reading support for UTF-8.  But that has to be written first.




    Open groff.YYYY-MM-DD.pdf, where the date changes from time to time;
    see pages 73 and 84 (as of this writing).

[3] It can be done; it's just harder than migrating from ASCII to UTF-8.
    My idea is to relocate all these bespoke groff symbols to the
    Unicode Private Use Area.  But for that we need to change groff's
    string class[4] to build upon either (1) wide characters or (2)
    multibyte characters.  My preference is to go straight to char32_t.

[4] groff, having been first written in about 1989, does not use the
    Standard C++ library string class.  This has proven unproblematic;
    it's implemented well and I'm not aware of any defect _ever_ being
    exposed in it.  (This illustrates that James Clark was a better C++
    programmer than most.)  But if I change it, someone's going to ask
    me why I don't just migrate to Standard C++ library facilities for
    it and I need a good answer.  I'm working on that.  When defending
    my engineering decisions, I prefer to be equipped with stone tablets
    strong enough smash over the head of my interlocutor.  I'm not quite
    there yet with groff strings: The Next Generation.

    While I'm pontificating I'll opine that I'm not a huge fan of C++ as
    a language, but I have found with groff that, given discipline, and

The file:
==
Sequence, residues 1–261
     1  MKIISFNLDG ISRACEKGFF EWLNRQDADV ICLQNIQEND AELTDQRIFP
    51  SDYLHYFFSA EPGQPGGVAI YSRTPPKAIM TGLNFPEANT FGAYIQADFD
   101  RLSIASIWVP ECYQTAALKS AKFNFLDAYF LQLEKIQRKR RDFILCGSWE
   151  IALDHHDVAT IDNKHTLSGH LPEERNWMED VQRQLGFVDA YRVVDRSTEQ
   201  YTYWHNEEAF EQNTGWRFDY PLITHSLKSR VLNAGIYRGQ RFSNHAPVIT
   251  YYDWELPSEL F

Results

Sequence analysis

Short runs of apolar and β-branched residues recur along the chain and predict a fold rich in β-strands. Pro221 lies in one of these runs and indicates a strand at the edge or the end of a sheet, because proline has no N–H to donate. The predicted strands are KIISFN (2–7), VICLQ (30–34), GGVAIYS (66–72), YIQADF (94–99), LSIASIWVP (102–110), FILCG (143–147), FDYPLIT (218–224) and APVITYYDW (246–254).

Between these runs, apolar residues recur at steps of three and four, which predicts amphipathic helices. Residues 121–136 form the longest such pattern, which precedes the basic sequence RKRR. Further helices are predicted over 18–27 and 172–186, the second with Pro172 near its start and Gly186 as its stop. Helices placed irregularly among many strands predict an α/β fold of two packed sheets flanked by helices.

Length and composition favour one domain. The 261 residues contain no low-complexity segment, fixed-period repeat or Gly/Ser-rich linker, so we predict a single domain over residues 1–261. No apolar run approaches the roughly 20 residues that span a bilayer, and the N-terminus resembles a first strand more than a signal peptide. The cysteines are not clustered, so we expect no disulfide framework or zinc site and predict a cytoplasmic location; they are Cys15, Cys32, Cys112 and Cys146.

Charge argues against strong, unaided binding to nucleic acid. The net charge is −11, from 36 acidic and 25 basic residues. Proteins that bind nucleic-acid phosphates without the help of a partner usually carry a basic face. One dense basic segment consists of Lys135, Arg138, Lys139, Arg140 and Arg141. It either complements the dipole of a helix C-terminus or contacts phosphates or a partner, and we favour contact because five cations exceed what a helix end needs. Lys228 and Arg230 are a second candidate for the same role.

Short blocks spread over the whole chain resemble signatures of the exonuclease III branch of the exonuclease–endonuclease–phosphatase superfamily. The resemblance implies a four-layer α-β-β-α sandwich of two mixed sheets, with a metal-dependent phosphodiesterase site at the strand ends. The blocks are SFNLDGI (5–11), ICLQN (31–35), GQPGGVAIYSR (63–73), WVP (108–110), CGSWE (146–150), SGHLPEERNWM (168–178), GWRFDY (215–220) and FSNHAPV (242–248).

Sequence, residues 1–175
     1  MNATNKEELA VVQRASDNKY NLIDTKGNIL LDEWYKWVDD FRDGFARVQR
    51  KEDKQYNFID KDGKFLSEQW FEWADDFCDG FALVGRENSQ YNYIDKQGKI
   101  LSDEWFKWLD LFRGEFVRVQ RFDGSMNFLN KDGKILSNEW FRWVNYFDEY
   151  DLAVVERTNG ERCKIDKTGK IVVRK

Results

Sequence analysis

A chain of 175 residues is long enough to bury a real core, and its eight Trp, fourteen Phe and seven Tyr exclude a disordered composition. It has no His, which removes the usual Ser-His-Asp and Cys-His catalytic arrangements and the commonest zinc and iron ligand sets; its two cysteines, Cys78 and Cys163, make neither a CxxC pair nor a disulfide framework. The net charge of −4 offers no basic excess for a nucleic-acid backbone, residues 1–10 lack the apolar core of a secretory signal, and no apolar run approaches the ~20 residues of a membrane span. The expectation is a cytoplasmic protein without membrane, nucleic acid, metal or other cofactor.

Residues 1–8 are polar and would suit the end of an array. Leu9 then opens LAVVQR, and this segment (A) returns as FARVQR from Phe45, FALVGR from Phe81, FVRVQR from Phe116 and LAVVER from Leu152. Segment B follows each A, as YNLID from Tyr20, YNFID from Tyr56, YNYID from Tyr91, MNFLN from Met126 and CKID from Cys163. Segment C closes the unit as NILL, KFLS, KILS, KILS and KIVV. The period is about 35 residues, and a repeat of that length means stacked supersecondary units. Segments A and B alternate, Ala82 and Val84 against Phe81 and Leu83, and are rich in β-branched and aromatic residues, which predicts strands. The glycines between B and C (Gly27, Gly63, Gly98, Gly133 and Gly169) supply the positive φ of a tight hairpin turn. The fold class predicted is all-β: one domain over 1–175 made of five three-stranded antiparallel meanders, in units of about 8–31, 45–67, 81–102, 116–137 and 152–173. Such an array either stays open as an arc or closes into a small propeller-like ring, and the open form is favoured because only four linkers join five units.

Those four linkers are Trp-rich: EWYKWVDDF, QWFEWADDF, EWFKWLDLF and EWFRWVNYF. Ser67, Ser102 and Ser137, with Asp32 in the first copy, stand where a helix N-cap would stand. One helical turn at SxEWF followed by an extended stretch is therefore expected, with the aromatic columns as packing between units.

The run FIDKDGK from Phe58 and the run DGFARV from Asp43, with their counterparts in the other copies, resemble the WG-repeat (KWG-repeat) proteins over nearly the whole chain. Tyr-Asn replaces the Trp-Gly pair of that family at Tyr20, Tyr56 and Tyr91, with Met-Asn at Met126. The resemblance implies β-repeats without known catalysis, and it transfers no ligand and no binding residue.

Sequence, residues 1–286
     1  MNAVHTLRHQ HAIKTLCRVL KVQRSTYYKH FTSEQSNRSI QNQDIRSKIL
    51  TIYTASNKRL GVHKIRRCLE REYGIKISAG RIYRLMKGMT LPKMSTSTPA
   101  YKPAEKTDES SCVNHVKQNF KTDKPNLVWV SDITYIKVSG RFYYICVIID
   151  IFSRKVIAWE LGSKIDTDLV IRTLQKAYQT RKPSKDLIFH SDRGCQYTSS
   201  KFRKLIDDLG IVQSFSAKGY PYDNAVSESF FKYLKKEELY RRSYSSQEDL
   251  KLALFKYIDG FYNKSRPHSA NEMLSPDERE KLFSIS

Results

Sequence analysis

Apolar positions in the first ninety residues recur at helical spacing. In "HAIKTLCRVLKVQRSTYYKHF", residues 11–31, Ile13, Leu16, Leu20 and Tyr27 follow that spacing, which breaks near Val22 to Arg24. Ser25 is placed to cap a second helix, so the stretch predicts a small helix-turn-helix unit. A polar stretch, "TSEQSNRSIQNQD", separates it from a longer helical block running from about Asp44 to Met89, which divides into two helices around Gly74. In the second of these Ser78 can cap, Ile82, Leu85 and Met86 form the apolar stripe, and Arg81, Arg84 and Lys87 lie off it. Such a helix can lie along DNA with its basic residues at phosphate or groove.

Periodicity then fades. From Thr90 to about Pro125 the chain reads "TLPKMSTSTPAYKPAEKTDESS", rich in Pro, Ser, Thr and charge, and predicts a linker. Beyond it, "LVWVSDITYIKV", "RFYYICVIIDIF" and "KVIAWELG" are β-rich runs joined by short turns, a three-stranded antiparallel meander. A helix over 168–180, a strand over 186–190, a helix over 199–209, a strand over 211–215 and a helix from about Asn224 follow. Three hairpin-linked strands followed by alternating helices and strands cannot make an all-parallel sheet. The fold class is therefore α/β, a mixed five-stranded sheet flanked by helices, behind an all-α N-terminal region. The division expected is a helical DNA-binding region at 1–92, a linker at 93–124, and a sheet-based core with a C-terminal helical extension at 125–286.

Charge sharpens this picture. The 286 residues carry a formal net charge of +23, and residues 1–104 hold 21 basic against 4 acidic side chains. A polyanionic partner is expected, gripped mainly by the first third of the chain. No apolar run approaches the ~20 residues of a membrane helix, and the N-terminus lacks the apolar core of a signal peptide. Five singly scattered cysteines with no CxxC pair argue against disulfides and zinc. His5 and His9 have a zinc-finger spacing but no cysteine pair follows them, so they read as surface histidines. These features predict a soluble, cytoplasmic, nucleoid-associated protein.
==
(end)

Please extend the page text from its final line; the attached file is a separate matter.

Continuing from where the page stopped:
by maintaining a clear view of its roots in C (_also_ not my
    favorite language--but one alienating, enemy-making rant at a time),
    and not picking up every f***ing new feature that gets shoved into
    the language as soon as (or before) it's standardized, it _can_ be
    managed.  But I also think that the C++ templating facility was, in
    implementation, one of the worst features ever developed for any
    programming language.

    I've decided to try to keep groff's C++ codebase ISO C++98
    compatible for the foreseeable future, even though there are _some_
    aspects of later C++ standards that I like quite a bit.  (Simple
    things, like proper damn data types and constants for null
    pointers.)  Clark wrote groff before name spaces, templates, and
    exceptions were added to the language, so you don't see them in its
    sources--it's pretty much in "Annotated Reference Manual C++", but
    if you look carefully you _will_ find some use of vec<>, added by
    later contributors.  And I have seen the pre-template,
    preprocessor-based implementation of "ITABLES" and "PTABLES", and
    no, I don't think it's prettier than templates.  The interesting
    thing is, 30+ years after adding these generic programming
    facilities, nothing in groff _ever_ specialized them beyond the the
    base types they were initially used with.  I find that suggestive.

    If you want to see generics done right, look at Ada.[5]  <mic drop>

[5] Yes, the background of C++ templates' authorship is a tragedy.